actual invoices and know what the real costs are for all items. Understand
that most designers receive up to 30% off the list price of items purchased.
If your designer is having a hard time finding actual invoices, that is not
a good sign.
Unfortunately, there is no miracle way to save money. Just be prepared and
do as much work upfront as possible.
A few last words
Designing a restaurant should be a true pleasure for a designer. I know that
it is for us. However, the components of a successful restaurant design are
a delicate balancing act. We are always surprised by how small, seemingly
unimportant changes can drastically alter the appearance of a restaurant.
It may be something as simple as different vases and flower arrangements
or rearranging the seating layout.
We always try to remember that it’s not our restaurant. We are here
to help you realize your vision and see possibilities that may have been
unclear. At some point, we will move on to another project while you will
continue working and living in the space. However, we will always love our
previous projects. If you want to make changes to your restaurant, pick up
the phone to your designer. Any good designer will make the time to ensure
that one of their restaurant designs evolves for your needs in the best possible
Coffinier Ku is located at
249 East 57th Street, 2R,
New York, N.Y. 10022
They can be reached at (212) 715-9699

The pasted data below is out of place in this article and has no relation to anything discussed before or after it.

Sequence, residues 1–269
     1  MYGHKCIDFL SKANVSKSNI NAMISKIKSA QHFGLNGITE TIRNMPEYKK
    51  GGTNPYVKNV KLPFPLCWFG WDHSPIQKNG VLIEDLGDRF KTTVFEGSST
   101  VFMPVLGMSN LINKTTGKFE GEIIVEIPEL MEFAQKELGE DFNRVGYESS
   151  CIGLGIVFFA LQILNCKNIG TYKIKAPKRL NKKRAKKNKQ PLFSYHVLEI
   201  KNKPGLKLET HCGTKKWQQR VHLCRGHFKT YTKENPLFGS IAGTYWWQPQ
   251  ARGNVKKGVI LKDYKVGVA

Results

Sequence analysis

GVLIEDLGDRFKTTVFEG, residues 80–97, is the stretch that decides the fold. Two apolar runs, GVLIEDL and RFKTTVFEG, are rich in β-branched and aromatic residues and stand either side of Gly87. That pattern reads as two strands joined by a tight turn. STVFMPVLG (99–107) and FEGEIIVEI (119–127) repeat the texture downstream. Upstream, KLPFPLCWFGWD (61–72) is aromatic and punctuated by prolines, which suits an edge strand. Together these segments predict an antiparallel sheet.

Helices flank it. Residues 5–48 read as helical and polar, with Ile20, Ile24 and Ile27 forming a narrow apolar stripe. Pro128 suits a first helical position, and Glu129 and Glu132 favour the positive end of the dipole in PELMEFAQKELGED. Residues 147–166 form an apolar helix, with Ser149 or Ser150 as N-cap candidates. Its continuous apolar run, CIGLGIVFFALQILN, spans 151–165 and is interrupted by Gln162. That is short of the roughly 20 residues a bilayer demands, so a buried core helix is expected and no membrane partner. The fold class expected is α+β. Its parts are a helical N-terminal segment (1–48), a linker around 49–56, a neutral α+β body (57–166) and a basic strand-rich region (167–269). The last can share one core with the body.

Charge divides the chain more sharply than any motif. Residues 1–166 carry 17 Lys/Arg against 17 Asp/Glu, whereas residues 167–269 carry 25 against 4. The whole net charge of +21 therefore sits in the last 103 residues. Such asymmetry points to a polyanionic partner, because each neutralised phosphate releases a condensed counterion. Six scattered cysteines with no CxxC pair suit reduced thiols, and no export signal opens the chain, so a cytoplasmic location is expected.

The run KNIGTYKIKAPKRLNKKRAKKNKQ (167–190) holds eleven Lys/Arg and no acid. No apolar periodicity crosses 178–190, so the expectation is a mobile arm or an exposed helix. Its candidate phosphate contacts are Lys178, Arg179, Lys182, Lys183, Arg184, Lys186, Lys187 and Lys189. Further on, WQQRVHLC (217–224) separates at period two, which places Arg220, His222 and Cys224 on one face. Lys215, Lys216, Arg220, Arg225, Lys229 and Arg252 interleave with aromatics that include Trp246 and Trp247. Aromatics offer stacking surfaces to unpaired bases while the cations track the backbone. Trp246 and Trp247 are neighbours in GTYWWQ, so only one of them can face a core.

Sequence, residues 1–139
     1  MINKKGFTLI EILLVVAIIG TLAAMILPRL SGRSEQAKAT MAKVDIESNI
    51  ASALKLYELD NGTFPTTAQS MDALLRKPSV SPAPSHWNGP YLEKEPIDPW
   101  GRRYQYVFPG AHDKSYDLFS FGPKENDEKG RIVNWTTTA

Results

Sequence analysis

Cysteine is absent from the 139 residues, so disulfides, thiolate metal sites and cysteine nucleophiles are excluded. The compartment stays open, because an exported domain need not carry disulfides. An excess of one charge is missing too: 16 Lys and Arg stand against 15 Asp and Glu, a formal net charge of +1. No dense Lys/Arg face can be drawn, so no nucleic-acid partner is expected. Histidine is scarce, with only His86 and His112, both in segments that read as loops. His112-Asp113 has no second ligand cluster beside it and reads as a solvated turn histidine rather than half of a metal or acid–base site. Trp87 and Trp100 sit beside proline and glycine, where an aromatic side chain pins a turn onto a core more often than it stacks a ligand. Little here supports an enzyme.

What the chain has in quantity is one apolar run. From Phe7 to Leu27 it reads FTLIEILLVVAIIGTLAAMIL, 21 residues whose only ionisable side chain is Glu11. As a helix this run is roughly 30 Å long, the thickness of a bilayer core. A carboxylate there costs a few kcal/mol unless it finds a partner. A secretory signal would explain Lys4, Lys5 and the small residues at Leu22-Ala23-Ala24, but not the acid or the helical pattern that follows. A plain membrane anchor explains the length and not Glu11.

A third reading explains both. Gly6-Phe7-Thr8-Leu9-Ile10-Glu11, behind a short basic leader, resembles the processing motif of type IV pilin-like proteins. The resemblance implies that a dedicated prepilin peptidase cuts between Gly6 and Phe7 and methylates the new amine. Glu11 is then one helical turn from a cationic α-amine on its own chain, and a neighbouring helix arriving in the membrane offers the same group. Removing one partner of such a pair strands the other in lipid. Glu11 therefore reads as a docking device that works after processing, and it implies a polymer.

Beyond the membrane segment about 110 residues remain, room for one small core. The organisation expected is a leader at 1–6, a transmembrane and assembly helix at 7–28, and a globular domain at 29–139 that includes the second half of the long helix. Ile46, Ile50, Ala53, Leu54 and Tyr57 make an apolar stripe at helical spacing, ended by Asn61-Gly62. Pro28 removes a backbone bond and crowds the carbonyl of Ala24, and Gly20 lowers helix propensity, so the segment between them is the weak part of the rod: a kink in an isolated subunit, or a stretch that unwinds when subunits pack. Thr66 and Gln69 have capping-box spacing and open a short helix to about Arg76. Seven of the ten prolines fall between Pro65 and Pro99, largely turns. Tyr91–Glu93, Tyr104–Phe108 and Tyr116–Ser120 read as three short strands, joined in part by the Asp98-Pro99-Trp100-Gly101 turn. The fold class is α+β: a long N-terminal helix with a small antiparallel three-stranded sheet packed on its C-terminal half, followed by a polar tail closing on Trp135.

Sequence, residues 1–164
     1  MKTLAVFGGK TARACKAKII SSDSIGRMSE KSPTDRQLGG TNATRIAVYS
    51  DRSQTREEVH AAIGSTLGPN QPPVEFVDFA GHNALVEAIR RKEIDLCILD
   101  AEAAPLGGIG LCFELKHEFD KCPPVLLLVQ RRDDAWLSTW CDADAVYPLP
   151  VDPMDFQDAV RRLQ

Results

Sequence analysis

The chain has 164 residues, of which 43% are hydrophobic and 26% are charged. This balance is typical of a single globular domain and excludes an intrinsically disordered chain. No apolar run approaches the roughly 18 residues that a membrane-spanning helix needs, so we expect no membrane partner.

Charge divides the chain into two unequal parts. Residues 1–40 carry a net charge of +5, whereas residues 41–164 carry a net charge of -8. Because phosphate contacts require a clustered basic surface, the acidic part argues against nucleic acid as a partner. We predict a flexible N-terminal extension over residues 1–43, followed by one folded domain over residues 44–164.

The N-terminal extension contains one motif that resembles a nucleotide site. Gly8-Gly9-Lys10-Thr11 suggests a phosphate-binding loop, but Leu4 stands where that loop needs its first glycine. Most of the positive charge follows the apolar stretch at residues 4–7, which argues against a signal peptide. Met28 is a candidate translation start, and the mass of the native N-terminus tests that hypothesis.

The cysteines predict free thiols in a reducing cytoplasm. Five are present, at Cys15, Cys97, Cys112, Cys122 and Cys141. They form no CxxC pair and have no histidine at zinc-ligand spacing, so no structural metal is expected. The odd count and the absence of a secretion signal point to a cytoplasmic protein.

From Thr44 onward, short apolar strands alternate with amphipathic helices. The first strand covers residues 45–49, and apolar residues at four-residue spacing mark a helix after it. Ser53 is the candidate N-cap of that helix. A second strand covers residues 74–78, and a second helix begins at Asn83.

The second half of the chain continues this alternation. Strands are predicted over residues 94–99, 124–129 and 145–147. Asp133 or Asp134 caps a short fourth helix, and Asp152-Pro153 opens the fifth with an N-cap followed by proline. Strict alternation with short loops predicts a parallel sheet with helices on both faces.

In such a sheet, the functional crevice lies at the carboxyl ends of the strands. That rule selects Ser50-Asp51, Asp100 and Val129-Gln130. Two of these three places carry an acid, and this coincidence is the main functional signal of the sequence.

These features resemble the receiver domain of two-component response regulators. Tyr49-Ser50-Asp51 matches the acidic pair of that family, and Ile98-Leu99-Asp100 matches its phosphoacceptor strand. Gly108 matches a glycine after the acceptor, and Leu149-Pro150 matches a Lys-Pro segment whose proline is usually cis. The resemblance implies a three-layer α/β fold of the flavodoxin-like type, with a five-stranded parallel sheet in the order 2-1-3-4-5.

Coffinier Ku Design is a collaboration of the principals, Etienne Coffinier
and Ed Ku. This article will help restaurant owners identify some of the
major issues in designing a new restaurant through the experience of Coffinier
Ku Design and their latest project, Piano Due in New York City.
New York-based interior design firm divides its work between high-end
residential work and restaurant design. Some of its more notable restaurant
designs in New York City include Frederick’s Madison Restaurant, Frederick’s
Lounge, and Aix on the Upper West Side from Chef Didier Virot . Outside of
the United States, the company has designed the Restaurant Gastronomique
at Les Violettes in Alsace for Chef Jean-Yves Schillinger. Their work has
been featured in Hospitality Design, Contract, The New York Times, New York
Living and has received raves from restaurant critics in The New York Times,
The New York Post, Crain’s New York Business among others.